Laser cutters, engravers, etchers, and other types of technology use electricity and laser beams to create various types of items. It’s a tightly focused process that uses lenses (or another tech) to concentrate the beam and to keep it from being scattered or diffused. Laser beams can be invisible or visible.

The fact that laser systems are based on the emission of radiation and require a large amount of energy that is concentrated to a small area, makes almost every kind of laser process hazardous if you don’t take the proper precautions. Laser systems and machines have built-in safety technology, but you still have to be cautious when using them.

Regardless of the laser technology you use, there are some potential risks and important precautions to take when using them.

Potential Hazards

  • Fire – Lasers produce high-energy that can cause a fire if the beams come into contact with flammable materials. Keep anything flammable away from your cutting, engraving or etching machine just in case.
  • Radiation – Invisible and visible lasers produce radiation because that is what is produced by the light. The danger lies within not covering reflective materials that could potentially cause blue or ultraviolet light to be reflected into your eyes. It can cause serious burns that cause permanent damage to your skin and could make you blind.
  • Fumes – When working with metals, lasers give off fumes, or mists, which can cause a respiratory hazard. Sometimes the mists and fumes are invisible, but the hazard is still there. Adequate ventilation can prevent you from inhaling visible or invisible fumes or mists.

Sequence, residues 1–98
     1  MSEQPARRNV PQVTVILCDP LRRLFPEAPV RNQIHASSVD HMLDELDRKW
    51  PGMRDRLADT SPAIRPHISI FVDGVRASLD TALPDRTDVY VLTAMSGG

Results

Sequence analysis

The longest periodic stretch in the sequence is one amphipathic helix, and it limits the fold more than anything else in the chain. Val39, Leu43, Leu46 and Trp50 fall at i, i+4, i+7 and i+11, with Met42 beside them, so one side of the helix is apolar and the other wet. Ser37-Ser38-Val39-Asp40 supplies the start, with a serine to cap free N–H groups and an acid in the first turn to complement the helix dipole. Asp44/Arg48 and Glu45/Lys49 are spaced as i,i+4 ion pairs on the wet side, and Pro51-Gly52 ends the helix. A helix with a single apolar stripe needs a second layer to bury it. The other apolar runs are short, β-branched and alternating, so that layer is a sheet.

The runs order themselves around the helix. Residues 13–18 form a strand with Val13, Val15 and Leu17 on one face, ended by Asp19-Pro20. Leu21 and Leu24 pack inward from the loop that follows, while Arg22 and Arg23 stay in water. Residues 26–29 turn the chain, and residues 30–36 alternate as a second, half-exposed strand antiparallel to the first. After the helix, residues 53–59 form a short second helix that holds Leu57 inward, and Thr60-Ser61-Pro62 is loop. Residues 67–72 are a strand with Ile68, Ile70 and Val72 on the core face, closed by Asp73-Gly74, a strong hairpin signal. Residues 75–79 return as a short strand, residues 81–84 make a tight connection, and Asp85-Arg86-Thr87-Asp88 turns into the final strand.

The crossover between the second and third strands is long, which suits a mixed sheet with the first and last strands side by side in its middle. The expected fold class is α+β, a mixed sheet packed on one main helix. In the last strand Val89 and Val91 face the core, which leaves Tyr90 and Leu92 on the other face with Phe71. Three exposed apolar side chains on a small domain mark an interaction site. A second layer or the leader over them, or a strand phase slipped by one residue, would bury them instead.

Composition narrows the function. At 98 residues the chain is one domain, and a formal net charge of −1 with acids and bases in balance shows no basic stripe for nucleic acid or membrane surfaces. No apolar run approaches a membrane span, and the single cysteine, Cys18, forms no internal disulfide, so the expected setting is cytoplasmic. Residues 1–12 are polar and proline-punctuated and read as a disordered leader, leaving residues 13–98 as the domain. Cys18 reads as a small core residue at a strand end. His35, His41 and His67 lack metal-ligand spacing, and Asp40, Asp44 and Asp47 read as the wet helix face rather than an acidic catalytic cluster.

• Electrical Shock – Lasers use a lot of electrical power; therefore, electrical hazards exist. Always make sure to use the proper outlets and voltage for your machine to prevent problems. Also, take care when plugging and unplugging your machine.
  • Skin & Eye Damage – There is a potential risk of skin and eye damage when using lasers. That’s why you’re required to wear special eyewear and/or head gear depending on the machine you use.
  • Mechanical – Some laser systems use mechanical arms or other manipulators to move the light beam around. There is always a chance that the laser beam could be sent in unintended directions.

The key to preventing potential hazards like these is to learn the safety guidelines for using laser machines. Buy only the best & safest engravers. Read the manufacturer’s instructions and safety guidelines to ensure the proper precautions are taken when using a given machine.

Prevent fires by moving anything that can potentially go up in flames around your work area. Remember to wear safety gear as recommended by your laser machine’s manufacturer. Since the light and fumes omitted by laser can sometimes be invisible, don’t take chances. Work in a well-ventilated area, wear a mask if necessary, and protect your eyes with the right eyewear.

Whether you own your own laser engraving business, or you work for a company that uses laser technology for cutting, engraving, marking, or etching materials, it’s crucial to ensure your safety as well as the safety of those you work with.